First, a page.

Ecological Study

Citation:
Abdel-Razik, M. S. M., M. E. Rabbat, N. M. K. Elden, and H. Y. Ali, Ecological Study, , 2015.

Abstract:

Infant and child mortality are indicators of population wellbeing. Although Child
mortality rates are declining in Egypt, national averages mask regional disparities. Hence,
identification and quantification of factors contributing to mortality, at the local level through
ecological correlation studies could provide a guide to more focused public health interventions for
reducing mortality. The study aims to improve child health and decrease child mortality rate through
recognition of ecological/environmental factors predicting child mortality among municipalities in
Giza governorate.
METHODOLOGY: Ecological cross sectional study adopting the municipalities (n=215) as unit of
analysis. The study was conducted to examine associations between child mortality and some human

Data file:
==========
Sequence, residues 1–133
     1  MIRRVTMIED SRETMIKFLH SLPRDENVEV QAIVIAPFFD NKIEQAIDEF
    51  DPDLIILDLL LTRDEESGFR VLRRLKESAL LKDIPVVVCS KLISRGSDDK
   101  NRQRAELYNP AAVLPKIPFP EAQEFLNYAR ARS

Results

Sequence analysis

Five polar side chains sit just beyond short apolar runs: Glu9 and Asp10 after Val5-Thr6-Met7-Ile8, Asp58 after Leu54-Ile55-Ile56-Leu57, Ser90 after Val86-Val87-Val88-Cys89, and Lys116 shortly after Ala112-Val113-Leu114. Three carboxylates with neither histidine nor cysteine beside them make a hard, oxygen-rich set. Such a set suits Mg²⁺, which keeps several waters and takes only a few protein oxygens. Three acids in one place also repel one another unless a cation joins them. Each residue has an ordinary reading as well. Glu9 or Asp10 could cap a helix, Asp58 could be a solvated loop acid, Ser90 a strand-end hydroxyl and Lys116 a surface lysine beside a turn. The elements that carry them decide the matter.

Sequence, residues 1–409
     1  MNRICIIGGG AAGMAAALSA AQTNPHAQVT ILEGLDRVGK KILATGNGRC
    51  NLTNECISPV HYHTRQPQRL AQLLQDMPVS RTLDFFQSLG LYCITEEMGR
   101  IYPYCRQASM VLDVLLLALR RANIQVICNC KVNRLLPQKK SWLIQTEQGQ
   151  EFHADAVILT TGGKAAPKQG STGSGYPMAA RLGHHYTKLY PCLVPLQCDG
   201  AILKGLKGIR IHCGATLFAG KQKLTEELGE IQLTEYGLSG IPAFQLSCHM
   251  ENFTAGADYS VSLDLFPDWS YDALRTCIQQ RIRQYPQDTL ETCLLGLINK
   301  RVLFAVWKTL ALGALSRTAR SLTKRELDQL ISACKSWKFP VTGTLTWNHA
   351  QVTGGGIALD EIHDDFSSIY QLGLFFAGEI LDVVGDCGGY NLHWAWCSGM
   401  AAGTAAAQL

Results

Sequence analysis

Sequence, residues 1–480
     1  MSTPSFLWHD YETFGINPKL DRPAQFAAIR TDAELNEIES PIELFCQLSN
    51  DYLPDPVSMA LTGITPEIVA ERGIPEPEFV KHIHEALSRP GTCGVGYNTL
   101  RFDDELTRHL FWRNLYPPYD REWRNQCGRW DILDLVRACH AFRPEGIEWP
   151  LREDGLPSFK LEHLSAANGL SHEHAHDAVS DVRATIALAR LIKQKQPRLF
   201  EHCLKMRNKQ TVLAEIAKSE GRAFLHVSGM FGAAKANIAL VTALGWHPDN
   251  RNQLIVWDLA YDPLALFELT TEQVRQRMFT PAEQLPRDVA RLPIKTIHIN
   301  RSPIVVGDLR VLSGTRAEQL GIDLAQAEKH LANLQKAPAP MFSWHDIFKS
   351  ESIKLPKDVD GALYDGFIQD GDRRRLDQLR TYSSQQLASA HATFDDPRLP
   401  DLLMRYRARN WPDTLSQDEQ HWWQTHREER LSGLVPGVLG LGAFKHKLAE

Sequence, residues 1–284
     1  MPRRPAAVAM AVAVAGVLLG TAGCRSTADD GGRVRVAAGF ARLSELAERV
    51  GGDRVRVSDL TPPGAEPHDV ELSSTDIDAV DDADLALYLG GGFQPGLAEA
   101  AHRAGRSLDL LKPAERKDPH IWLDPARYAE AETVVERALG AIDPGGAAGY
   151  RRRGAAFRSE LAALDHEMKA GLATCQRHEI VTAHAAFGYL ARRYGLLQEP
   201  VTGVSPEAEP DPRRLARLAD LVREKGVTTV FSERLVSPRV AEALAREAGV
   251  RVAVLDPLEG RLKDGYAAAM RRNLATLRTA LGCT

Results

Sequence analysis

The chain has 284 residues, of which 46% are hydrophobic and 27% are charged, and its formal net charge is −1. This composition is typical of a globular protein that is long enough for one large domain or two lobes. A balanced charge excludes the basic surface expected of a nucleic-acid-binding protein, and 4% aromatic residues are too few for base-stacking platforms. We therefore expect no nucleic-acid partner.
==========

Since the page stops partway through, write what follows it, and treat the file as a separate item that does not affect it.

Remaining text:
development indicators.
RESULTS: Highly significant negative correlation between U5MR and access to water (r=-0.966)
was found. Access to sanitation and access to electricity were negatively correlated with U5MR with
r=-0.955 and - 0.905 respectively. The results for IMR were similar to those for U5MR. An increase
of one percent access of household to safe water predicts a decrease by 1.05 and 0.78 in U5MR
and IMR (R2=0.97 and 0.98; P≤0.001) respectively. This relationship retained its significance in the
multivariate analysis: an increase often percent access to safe water predicted a decrease by 10.3 and
7.7 in U5MR and infant deaths respectively (P≤0.001). U5MR and IMR decrease significantly (by 0.82
and 0.61deaths respectively) with increase access to sanitation by 1%.
CONCLUSION:Access to safe water and sanitation are strong predictors of U5MR and IMR. Increased
coverage of households by safe water has the greatest impact on the reduction of children mortality
rate. Therefore, the study recommends advocacy to ensure coverage of household with safe water and
sanitation system.

PreviewAttachmentSize
paper_hana_final.pdf201.3 KB